While the sun was high in the sky, chill winds whipped the waves at Dunes Beach in Half Moon Bay. The crisp conditions didn’t deter the Half Moon Bay Junior Lifeguards as they tossed off their uniform gray T-shirts and navy board shorts and charged into the water in just their swimsuits. “Coo-dips” as the frigid swims are affectionately coined are just one of the traditions that make the summer camp such a unique experience for local youth.
Fresh out of the water, Jesse Brown, in her second year as a Junior Lifeguard, said that before joining the program, she never really swam past the break.
“Now my favorite part about it is being able to be in the water,” the 12-year-old said.
California State Parks Junior Lifeguards is an annual summer program held over the course of two, four-week sessions. The program is run by local California State Parks lifeguards and aims to educate local youth about ocean safety, with plenty of fun mixed in. In Half Moon Bay every summer, Dunes Beach serves as base camp for the local chapter of the program.
“I think if you’re a local kid down here, or even if you’re not a local kid but you want to get more experience in the ocean, this camp is the absolute best for it,” said Jakob Meighen, California State Parks lifeguard and Half Moon Bay Junior Lifeguards coordinator. “The ocean skills they learn here … and they just gain so much confidence. I think that really extends to life skills outside of this program.
“That’s mainly the reason why I love doing this so much, just getting kids stoked on being in the ocean,” he said.
Meighen, like most State Parks lifeguards, got his start as a junior lifeguard on the coast before deciding to take the next step and become a lifeguard.
“I really wanted to take that next step in my life in terms of responsibility, and I’ve learned so much through this,” he said. “The biggest takeaway, I’d say, is the leadership skills that I found through running this camp and really coming into my own as a leader.”
Meighen was one of the original groups of kids to come through the Half Moon Bay program back when it was run by Taylor Riis, who kickstarted the camp on the coast. Meighen said that as coordinator he still pays homage to its beginnings and keeps a lot of the curriculum the same as when the program first started here.
“We’ve kept a lot of it really similar to how they ran it,” he said. “They were just such an influence on me, so when I took over last year as coordinator, I was like, all right, how can I incorporate a lot of the stuff they did, but also keep it kind of my program.
“Really just seeing Taylor (Riis), and Scott (Spaeth), and John (Anderson) and all of them really is what motivated me to do this,” the former junior guard said.
Meighen said that a typical day for the junior guards starts with stretching and getting their bodies moving. In the morning they also assess the ocean and beach conditions before embarking on the day’s “Vitamin.”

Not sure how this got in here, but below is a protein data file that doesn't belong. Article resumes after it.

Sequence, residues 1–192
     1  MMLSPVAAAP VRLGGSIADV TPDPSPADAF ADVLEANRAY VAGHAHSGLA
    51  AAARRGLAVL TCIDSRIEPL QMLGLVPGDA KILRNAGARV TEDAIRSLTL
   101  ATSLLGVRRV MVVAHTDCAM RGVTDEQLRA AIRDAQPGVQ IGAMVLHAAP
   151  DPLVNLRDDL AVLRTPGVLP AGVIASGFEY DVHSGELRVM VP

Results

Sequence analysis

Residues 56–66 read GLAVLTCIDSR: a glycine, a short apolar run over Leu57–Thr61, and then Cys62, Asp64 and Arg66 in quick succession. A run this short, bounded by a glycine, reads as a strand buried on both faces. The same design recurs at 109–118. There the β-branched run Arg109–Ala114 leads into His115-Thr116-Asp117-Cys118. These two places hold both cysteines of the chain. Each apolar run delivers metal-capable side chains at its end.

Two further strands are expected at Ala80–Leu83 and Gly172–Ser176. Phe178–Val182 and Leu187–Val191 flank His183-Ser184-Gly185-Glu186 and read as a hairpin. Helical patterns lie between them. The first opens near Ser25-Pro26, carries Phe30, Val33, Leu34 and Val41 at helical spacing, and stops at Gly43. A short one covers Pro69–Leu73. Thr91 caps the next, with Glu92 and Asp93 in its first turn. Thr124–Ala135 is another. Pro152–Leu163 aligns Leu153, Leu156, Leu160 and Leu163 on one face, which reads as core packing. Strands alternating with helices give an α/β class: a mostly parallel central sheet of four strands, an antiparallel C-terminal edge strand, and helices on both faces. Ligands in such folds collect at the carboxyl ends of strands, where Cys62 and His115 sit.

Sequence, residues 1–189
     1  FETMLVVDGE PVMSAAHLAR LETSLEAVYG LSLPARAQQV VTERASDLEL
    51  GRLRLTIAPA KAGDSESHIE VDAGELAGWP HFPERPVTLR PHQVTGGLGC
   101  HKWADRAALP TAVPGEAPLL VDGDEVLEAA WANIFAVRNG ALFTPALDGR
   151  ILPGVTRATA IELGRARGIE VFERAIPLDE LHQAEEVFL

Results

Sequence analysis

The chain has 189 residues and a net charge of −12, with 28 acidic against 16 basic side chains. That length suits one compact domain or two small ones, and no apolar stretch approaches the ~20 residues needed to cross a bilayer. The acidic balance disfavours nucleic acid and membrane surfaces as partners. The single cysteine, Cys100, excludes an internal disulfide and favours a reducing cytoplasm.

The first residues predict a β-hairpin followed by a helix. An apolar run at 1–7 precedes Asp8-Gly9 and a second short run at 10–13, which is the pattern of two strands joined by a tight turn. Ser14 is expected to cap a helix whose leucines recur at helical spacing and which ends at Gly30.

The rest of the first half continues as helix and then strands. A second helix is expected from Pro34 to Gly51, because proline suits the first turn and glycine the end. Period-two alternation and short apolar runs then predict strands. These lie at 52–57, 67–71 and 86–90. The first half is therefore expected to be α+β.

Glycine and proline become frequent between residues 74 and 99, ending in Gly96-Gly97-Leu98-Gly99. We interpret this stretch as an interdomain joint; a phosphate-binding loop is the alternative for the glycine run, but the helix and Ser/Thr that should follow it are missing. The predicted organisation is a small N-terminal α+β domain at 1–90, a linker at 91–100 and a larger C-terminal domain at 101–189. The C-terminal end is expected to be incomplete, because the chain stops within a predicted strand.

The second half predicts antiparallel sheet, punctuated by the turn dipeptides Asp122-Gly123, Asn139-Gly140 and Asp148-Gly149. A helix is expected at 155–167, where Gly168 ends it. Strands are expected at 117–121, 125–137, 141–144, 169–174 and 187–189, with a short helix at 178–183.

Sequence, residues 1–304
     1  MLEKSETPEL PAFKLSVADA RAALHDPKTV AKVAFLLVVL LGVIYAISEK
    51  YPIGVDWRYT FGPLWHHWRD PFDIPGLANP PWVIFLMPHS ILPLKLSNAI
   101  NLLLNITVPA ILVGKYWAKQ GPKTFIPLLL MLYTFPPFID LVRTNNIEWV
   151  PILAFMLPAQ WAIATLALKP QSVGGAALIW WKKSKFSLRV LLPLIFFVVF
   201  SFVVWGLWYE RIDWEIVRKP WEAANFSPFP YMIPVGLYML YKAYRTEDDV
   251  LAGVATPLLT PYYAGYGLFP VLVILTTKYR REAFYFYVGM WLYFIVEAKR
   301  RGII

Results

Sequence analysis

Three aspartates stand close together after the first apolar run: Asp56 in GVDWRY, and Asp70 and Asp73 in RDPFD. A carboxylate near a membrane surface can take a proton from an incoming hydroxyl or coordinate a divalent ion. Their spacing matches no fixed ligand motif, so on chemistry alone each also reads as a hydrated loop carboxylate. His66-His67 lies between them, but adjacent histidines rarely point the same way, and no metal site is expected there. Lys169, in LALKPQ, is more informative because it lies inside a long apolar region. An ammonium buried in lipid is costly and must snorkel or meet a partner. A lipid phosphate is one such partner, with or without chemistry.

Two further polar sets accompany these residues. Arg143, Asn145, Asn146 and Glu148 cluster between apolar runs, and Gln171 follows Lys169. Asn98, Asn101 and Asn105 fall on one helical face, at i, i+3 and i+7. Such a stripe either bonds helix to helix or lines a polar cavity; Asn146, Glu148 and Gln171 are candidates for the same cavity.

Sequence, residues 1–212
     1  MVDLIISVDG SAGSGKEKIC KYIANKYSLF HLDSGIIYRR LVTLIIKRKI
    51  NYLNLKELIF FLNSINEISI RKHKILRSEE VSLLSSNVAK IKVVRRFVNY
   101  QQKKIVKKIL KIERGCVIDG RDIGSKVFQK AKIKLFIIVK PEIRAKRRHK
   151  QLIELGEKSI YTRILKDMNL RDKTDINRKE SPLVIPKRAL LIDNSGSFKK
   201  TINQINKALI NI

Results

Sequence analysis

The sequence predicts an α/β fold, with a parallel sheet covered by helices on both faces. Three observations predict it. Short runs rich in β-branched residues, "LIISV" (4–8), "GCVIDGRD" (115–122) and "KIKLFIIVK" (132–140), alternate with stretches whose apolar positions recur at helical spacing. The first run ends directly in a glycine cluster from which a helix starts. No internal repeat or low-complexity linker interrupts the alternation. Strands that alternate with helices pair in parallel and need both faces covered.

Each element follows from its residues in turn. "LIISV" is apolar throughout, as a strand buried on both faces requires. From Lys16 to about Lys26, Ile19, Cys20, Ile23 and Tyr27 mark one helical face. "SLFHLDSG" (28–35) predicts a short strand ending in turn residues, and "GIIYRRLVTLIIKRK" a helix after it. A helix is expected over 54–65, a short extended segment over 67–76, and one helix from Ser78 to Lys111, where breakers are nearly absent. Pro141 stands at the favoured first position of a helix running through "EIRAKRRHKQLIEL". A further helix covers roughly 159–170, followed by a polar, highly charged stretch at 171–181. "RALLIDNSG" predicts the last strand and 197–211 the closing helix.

The instructors change up the challenges from run-swim-runs to buoy swims to beach runs from Dunes to Surfer’s Beach.
“It’s so important for these kids to be outside,” said Meighen. “They get to be out in the ocean. They get to run around with their friends.”
A favorite aspect for both the kids and the instructors is the lineup of beach games Riis devised.
“(Global Thermal and Happy Shiny) are probably some of the best games that we have down here,” said Meighen. Global Thermal, in which participants fight to take over neighboring forts made of boogie boards and surfboards, and Happy Shiny, a dodgeball-like game with a twist, have been junior guard classics for over a decade.
“I just love everything we do down here,” said Meighen.
While the guards put a lot of emphasis on fun, the program is also educational, raising the next generation of environmental stewards and potential lifeguards. Along with time in the water for boogie boarding and surfing, every day the kids gather for lectures from the lifeguards about rescues, first aid and more to educate them on maneuvering ocean conditions, keeping their bodies healthy, and enjoying the natural wonders of their backyard on the coast.
“That’s why we’re down here,” said Meighen. “We want these kids to progress. That’s honestly one of the most rewarding things.”
Meighen said that the first week is really where they lay the foundation, teaching the kids skills like high steps and dolphin dives that make getting out past the break easier.
“Those skills that first week will really help them progress into the buoy swims and the run-swim-runs,” he said.
The junior lifeguards are split up by age. The youngest are called the jellies, the middle are sand bears, and the oldest, the dukes. The camp runs for kids ages 9 to 15. After that, former campers have an opportunity to try out to become youth aides for the camp.
“I like that we get to help out, and that there’s a little more freedom in what you get to do,” said Zoe McAnernuy, a first-year youth aide. “I’ve been doing the program since I was, like, 8 years old. My brother is here as a camper this year, and so I just wanted to keep doing it in a capacity that wasn’t just being another older kid again.”
Each session during the summer also includes field trips to Montara State Beach, Año Nuevo State Reserve, and statewide Junior Lifeguard competitions down in Santa Cruz, Capitola and Manresa.
For more information about the program, or for those interested in signing up for the coming summer, visit the California Department of Parks and Recreation website or email Meighen at email@example.com.
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